By Ani Bundel
DC Comics is first and foremost known for Superman, the Man of Steel, whose introduction in the 1930s coincided with the rise of popularity of comic books. But the most recent hero to take center stage is the grand dame of the Suicide Squad, Harley Quinn, the polar opposite of everything Clark Kent stands for. He is order, she is chaos; he is righteousness, she is devious.
And yet, putting together an NYCC panel with the two writers responsible for the character’s most current comic book runs an a single stage made a strange sort of sense. Stephanie Phillips, author of Harley Quinn, and Phillip Kennedy Johnson, currently responsible for the Action Comics series, both take their characters utterly seriously and with respect not only for the history of their stories but also for each other.
Phillips and Johnson came to superhero stories from opposite mediums. Phillips first fell in love with Batman: The Animated Series and then later discovered the written stories; meanwhile, Johnson said he learned to read on comic books. But both had similar journeys to making it a career – it was a thing that happened while they were supposedly working on something else (her a Ph.D., him music).
But both treat their characters with the utmost seriousness. That’s a tall order for Phillips, who has a character who is naturally seen as comical. Phillips compared her run at Harley’s jokes as akin to the old 1970s series MAS*H: gallows humor to deal with trauma while working in deadly serious conditions. And in between, she uses Harley as a method of critiquing the world of superheroes, using the former psychiatrist to psychoanalyze the characters.
As for Johnson, he compares his Clark Kent to the one he considers the definitive article: Christopher Reeve. He’s not here for the self-doubt or the relatable insecurities of Henry Cavill‘s Man of Steel. As he sees it, this is a character who points the way to being our better selves. It’s why he says that under his pen, fans will never get a dark or gritty version of Superman. In a world where absolute power corrupts absolutely, he feels seeing someone wielding absolute power with utter kindness and humility is critical.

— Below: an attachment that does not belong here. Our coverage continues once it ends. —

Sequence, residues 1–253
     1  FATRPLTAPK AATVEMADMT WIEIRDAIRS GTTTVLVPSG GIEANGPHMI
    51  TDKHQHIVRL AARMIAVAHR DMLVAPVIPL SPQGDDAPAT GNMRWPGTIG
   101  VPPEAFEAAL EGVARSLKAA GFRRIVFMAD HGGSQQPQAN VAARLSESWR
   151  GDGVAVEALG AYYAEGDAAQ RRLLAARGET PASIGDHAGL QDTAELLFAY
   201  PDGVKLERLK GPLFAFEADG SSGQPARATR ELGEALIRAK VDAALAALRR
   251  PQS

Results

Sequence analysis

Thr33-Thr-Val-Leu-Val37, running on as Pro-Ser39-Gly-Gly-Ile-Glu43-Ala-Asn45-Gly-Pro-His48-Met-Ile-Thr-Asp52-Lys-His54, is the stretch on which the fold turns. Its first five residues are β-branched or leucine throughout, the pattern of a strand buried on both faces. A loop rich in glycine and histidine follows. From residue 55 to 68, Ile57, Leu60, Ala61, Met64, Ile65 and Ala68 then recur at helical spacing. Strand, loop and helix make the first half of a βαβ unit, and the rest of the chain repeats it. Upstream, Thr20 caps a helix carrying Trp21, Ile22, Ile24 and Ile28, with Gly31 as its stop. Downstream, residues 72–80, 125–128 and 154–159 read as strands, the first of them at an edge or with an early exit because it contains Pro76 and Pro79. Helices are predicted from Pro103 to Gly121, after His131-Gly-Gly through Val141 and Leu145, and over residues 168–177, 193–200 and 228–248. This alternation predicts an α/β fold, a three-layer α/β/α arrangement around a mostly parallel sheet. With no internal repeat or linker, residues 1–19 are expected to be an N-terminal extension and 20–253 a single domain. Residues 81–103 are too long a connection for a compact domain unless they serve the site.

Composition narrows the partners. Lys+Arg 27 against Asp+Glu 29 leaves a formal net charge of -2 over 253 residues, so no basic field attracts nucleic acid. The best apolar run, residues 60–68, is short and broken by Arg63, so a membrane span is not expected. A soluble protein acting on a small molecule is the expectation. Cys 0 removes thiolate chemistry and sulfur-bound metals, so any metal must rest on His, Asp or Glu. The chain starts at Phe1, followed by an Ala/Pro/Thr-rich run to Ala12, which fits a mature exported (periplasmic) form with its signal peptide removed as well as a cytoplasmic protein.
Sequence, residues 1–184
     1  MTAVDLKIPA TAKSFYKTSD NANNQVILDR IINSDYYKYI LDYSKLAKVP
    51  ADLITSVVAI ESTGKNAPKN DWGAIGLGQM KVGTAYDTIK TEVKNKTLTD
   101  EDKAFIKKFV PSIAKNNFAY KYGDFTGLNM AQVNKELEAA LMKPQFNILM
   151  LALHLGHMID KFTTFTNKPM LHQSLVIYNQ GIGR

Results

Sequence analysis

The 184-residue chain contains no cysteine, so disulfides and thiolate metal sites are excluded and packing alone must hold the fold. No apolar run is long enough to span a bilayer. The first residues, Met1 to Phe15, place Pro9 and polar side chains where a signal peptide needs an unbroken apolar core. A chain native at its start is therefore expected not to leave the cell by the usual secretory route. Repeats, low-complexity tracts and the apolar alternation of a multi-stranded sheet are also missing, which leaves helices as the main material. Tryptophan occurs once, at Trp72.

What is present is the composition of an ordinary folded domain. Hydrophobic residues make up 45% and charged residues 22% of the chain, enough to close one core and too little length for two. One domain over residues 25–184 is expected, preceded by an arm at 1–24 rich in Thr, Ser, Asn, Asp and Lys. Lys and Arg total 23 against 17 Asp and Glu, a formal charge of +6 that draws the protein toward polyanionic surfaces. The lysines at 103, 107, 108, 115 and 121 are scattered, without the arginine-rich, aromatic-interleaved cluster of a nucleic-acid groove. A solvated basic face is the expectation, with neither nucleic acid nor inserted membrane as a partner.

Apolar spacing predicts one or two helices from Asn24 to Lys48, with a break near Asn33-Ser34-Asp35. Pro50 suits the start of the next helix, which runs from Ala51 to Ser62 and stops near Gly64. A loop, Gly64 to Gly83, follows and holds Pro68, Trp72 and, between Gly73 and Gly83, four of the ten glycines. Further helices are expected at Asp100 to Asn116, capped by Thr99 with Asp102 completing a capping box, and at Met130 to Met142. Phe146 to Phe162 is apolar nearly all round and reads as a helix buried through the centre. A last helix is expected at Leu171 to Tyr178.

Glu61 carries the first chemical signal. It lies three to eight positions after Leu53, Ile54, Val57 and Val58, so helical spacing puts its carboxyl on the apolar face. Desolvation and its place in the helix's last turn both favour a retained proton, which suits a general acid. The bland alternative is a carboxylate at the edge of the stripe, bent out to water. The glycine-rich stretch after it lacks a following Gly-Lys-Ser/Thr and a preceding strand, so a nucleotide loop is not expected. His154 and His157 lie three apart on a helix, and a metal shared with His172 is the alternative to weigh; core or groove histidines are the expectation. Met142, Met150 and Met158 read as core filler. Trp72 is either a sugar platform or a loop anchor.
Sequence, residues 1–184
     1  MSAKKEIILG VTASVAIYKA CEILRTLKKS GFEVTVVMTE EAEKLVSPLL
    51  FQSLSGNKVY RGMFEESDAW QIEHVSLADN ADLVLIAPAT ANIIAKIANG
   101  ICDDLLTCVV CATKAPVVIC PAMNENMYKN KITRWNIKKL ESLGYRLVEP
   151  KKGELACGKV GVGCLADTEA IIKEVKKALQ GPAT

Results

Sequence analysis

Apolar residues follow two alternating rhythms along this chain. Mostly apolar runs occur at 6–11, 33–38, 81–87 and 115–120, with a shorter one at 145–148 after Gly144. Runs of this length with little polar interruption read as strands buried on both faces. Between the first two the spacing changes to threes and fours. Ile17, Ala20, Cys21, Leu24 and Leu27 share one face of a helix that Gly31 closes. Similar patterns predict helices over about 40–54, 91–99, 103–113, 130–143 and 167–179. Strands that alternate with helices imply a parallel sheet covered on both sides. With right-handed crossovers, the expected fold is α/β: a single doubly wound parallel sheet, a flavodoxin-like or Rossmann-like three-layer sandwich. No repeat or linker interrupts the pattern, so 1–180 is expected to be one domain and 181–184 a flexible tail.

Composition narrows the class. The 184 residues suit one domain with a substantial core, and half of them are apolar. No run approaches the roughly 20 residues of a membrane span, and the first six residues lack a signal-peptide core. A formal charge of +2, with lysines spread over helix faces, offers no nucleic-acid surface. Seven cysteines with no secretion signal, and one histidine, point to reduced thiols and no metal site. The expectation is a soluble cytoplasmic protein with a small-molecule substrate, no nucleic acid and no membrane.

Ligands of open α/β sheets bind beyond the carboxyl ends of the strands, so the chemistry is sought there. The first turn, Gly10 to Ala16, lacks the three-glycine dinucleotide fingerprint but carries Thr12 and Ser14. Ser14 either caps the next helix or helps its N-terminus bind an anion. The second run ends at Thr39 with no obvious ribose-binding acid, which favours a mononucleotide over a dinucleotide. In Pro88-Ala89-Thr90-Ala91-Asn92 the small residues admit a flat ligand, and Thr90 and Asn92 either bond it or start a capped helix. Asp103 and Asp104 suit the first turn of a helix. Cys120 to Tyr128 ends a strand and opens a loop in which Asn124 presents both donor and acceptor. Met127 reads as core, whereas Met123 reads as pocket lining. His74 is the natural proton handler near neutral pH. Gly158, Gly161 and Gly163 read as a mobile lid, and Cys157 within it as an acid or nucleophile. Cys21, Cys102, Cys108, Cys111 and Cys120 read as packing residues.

The two also talked about how their characters would respect each other. In one of the rare times that audience questions elicited genuinely thoughtful exchanges, the two authors were asked how Harley and Kent would respond to each other should they meet. Phillips said Quinn would immediately doubt Superman’s sincerity and would set about doing everything she could to upset his apple cart, pressing every button until she ran out. Johnson said that Kent wouldn’t take her behavior personally. He’d recognize her persona and her behavior was born of trauma and pain and that he would believe with all his heart that one day she’d find the good woman who was once called Harleen Quinzel inside herself.
Fans of Stephanie Phillips can next look forward to her take on Diana Prince in the upcoming Wonder Woman: Evolution, to be released in November 2021. Johnson will continue releasing new Action Comics every month, which will launch the Warworld Saga later in October now the Warworld Rising arc has wrapped.
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